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Title: Eastern Standard Tribe
Author: Cory Doctorow
Publisher: Tor
Copyright: 2004
ISBN: 0765307596
Pages: 221
Price: $23.95
Rating: 83%
Cory Doctorow's first novel, Down and Out in the Magic Kingdom, used the themes of reputation capital, flexible work teams, and the struggle between classical and modern culture as the milieu for his story. In Eastern Standard Tribe, Doctorow visits the themes of tribes based on common interests or (as the title suggests) time zones, file-sharing, and what I'll call "tactical consulting operations".

As the copy on the inside jacket cover states, the main character is an industrial saboteur working on behalf of the eastern standard (U.S.) time zone tribe. If you've ever thought that consultants might not have your best interests at heart (e.g., "If you aren't part of the solution, you can make a lot of money by prolonging the problem."), then you'll be happy to know that Doctorow capitalizes on that theme. His main character, Art, worked in London as a consultant before his boss and girlfriend got him committed to an insane asylum in Boston.

The bulk of the narrative in Eastern Standard Tribe switches between Art's current location, the asylum in Boston, and his experiences leading up to his commitment. The story itself is interesting and reminds me quite a bit of William Gibson's Pattern Recognition, but there's not nearly as much story here as there is in Gibson's book. A superficial comparison such as length (Pattern Recognition is near or over the traditional novel length of 100,000 words, while Eastern Standard Tribe runs about 60,000 words) offers a partial view of the difference, but the real distinction between Doctorow's latest work and either his Down and Out in the Magic Kingdom or Gibson's Pattern Recognition is that I never quite understood why I should care about the tribes and the competition among them.

Doctorow goes to some length to describe what tribes are. Specifically, pages 108-114 are an expository speech Art makes during a group counseling session in which he explains tribes and how they operate. I started with a body of knowledge of how interest-based groups operate in the Internet world, so I skipped through the speech quickly. Doctorow handled the exposition of reputation capital systems and competing work groups in Down and Out in the Magic Kingdom much more effectively, throwing the reader into the mix and using brief passages to explain key points as he went along.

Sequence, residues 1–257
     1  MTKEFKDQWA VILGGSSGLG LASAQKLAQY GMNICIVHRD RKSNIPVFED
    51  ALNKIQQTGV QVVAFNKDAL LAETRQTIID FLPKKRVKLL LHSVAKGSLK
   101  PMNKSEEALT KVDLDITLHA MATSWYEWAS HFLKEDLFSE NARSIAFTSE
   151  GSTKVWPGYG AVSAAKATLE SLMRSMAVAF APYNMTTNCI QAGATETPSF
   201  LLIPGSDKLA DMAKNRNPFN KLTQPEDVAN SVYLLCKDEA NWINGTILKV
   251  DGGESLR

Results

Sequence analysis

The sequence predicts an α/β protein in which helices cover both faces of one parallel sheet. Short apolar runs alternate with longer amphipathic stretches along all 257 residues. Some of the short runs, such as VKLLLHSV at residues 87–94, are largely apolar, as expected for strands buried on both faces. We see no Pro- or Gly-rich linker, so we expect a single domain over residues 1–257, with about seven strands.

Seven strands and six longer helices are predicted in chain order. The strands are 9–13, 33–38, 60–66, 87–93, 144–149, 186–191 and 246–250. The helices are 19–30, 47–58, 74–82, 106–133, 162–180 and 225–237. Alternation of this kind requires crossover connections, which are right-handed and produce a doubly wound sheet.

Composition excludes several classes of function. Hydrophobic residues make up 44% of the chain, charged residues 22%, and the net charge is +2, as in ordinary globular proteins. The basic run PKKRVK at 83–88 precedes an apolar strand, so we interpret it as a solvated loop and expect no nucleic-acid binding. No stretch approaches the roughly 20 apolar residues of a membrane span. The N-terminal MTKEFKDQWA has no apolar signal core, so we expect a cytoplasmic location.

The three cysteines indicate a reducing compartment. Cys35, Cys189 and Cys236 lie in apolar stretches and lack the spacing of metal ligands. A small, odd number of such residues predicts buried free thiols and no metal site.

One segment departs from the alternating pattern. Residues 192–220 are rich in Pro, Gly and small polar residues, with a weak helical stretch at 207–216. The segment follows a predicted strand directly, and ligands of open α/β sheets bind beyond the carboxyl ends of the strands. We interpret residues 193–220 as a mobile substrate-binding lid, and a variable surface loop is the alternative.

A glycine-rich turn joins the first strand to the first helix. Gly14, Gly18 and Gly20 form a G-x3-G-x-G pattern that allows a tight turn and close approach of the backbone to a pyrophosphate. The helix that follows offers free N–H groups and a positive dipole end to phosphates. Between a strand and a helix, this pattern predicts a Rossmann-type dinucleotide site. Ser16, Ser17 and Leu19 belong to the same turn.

Why do I compare Eastern Standard Tribe to Pattern Recognition, the work of a far more experienced author? Because the look and feel of the novels are so similar, and because there's a quote from William Gibson on the cover of Eastern Standard Tribe. Gibson says that Doctorow's book is "[u]tterly contemporary and deeply peculiar--a hard combination to beat (or, these days, to find)." He's right, in the sense that Doctorow's work is both firmly grounded in the plausible near future and outside the mainstream, but I hope that Doctorow's next book motivates the reader's interest more effectively.

Curtis D. Frye ( is the editor and chief reviewer of Technology and Society Book Reviews.  He is also the author of three online courses and ten books , including Privacy-Enhanced Business from Quorum Books.